‘Parliament needs more people with an engineering background'

‘Parliament needs more people with an engineering background’Conservative MP, Michael Fabricant reckons that the future for the UK lies in science and engineering, but Britain is its own worst enemy by degrading the profession. We need more engineers in the seat of power. Melanie Reynolds canvassed opinions
Do you know who your Member of Parliament is? Would it make any difference if they were a qualified engineer?
These can be tricky questions. For the majority of people the only time they consider politics is when there is a general election. Even then most people vote for the party rather than the person, the candidate is usually pretty irrelevant.
So, how many of us are aware of what our MP used to do in their former incarnation?
There are 659 elected Members of Parliament in the House of Commons and if you survey the notes on each MP’s background there are recurring themes for previous occupation. The most popular areas seem to be education, the legal profession and the media.
But if you look hard then the term engineer appears often enough to be noticed as well.
Over 25 MPs include the term engineer in the description of at least one of their previous jobs. These descriptions vary widely though: from power station charge engineer through work study engineer to chartered electronics engineer.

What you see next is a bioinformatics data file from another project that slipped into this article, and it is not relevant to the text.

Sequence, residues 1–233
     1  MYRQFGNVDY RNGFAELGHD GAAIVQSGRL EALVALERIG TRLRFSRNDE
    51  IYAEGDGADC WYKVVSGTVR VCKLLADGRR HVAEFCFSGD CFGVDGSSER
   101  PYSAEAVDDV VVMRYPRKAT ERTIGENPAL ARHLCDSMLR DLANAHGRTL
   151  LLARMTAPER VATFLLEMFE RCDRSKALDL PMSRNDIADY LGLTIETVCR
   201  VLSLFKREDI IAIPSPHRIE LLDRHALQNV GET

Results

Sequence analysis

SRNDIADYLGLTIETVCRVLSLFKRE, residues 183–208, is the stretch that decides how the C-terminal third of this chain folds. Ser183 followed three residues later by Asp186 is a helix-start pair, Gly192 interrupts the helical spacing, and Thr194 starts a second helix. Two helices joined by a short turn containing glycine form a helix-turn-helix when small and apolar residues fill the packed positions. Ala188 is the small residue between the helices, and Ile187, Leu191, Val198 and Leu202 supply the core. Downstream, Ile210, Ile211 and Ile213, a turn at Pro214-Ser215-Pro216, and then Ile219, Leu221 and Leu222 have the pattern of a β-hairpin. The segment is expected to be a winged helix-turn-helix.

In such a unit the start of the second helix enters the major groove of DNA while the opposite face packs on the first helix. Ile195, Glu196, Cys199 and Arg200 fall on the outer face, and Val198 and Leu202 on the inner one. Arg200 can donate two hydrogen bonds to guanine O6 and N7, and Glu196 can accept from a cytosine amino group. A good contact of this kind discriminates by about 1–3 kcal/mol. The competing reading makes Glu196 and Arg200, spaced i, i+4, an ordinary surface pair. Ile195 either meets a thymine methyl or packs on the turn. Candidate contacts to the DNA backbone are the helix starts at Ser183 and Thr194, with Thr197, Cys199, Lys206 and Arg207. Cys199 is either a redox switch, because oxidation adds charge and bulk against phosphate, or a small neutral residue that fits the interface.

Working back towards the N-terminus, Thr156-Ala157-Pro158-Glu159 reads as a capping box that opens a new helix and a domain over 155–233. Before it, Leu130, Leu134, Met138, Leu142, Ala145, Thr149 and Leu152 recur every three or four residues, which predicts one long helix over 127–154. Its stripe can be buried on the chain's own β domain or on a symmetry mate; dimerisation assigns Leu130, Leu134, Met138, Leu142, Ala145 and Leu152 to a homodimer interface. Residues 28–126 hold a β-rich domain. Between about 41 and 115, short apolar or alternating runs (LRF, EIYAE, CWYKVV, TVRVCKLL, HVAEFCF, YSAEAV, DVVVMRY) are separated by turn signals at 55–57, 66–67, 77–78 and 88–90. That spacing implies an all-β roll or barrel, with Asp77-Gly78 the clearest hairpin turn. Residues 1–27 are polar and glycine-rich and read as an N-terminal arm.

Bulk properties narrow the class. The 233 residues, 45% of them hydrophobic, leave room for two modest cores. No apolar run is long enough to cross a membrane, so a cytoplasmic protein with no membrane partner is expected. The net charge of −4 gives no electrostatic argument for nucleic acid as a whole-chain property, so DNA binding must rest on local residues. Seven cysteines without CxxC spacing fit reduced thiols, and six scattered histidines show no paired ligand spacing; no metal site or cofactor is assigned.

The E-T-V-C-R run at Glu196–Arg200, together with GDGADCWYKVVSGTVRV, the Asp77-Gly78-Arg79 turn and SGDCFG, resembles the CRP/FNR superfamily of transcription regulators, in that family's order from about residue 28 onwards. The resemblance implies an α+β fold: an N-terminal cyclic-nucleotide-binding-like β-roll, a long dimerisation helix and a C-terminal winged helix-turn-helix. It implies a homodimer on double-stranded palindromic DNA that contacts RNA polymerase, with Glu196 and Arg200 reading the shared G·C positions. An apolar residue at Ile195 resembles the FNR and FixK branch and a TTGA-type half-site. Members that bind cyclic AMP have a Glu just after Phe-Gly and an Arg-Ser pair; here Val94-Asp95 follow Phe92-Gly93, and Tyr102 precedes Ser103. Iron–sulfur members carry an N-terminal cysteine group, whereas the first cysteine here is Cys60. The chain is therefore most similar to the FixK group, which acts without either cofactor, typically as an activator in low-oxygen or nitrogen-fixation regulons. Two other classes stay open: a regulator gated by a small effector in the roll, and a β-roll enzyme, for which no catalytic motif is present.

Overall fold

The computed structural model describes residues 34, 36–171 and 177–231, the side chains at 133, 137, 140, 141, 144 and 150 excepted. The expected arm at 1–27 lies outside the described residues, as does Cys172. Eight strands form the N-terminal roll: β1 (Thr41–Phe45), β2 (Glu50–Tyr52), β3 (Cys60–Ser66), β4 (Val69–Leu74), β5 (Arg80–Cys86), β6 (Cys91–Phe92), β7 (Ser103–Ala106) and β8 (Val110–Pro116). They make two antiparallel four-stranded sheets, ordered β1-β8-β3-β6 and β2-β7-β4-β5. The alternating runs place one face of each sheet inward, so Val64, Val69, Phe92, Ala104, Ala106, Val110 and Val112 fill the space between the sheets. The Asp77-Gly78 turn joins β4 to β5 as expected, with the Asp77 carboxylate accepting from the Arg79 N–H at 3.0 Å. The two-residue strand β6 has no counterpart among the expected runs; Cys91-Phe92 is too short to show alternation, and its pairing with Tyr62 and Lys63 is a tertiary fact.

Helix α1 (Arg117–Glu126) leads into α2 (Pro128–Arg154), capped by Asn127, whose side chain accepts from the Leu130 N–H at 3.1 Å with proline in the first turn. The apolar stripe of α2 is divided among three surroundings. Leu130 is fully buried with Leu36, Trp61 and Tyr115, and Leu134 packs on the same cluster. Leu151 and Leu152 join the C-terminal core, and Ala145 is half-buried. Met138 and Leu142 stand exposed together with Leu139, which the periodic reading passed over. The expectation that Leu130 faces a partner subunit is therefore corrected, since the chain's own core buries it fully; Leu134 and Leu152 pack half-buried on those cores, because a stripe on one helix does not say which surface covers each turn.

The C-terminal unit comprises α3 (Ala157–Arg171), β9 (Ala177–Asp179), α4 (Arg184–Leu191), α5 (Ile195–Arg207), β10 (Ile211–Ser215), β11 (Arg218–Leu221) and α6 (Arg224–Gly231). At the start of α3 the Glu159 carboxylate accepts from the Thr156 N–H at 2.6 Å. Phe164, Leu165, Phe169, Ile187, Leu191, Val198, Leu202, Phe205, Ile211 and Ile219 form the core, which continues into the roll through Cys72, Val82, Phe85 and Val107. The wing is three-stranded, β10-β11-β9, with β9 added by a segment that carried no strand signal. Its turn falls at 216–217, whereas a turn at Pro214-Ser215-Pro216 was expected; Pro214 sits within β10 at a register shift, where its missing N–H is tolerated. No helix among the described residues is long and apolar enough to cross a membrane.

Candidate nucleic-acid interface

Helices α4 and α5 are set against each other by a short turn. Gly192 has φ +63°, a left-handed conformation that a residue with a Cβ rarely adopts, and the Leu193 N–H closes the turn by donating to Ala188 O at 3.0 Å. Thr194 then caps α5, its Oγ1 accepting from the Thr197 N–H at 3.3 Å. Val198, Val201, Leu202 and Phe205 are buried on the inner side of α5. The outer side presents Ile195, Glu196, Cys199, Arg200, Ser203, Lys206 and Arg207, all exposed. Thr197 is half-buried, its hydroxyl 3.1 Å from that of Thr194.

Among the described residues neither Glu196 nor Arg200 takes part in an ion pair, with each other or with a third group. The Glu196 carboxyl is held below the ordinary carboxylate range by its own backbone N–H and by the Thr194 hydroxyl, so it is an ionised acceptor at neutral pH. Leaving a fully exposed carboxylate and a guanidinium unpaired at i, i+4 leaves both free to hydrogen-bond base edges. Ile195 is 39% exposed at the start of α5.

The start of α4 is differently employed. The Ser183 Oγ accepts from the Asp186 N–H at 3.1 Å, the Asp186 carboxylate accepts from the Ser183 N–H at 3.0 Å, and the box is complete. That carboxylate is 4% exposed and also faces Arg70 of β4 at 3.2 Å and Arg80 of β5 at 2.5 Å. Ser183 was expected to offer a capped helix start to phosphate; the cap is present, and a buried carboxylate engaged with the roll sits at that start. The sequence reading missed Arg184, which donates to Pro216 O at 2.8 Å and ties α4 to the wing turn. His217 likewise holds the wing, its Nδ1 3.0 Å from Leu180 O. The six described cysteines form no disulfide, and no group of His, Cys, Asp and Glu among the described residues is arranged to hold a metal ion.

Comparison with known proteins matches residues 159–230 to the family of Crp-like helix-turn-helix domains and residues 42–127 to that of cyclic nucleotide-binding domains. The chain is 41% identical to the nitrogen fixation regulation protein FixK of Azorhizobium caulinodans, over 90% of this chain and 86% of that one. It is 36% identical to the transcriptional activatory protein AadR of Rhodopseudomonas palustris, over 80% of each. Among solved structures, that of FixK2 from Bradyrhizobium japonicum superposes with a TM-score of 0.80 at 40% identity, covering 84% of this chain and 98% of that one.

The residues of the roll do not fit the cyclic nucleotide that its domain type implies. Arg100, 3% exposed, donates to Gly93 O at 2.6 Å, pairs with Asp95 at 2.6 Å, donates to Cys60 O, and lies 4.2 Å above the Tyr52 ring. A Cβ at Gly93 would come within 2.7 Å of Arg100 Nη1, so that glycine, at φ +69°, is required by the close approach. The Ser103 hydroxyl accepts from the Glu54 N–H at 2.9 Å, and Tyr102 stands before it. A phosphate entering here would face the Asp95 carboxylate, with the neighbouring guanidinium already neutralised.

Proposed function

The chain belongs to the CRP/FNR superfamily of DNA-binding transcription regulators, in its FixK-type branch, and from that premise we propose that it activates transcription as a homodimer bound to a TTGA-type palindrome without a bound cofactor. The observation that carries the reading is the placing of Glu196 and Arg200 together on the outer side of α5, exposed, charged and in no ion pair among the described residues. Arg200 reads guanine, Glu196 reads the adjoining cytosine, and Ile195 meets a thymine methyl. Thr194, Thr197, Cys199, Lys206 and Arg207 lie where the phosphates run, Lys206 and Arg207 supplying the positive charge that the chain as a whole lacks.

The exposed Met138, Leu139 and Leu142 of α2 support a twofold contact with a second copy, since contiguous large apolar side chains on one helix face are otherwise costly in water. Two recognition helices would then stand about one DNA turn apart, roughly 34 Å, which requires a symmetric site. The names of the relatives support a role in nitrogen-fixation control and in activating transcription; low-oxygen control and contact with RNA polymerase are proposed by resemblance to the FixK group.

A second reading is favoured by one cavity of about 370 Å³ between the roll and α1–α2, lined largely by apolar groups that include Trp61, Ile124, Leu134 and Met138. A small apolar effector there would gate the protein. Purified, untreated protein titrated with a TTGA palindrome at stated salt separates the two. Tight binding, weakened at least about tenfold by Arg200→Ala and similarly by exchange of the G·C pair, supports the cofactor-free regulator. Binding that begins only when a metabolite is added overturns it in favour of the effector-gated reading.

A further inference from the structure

It appears that amongst the elected, in common with their voters, the word engineer covers a wide variety of jobs not just those that the institutes would want classified as such. And this subject is one that Michael Fabricant, Conservative MP for Lichfield, holds dear to his heart. “Engineering is Britain’s future, science is Britain’s future, and the use of the word engineer in the UK is deplorable,” said Fabricant giving the case of an ‘upholstery cleaning engineer’ as an example. “It downgrades the profession and acts as a dis-incentive to people to get into engineering at school.”
As one of only seven chartered engineers in the Commons, Fabricant is an advocate of the need to raise engineer’s profile by ensuring only those qualified to do so can call themselves engineers.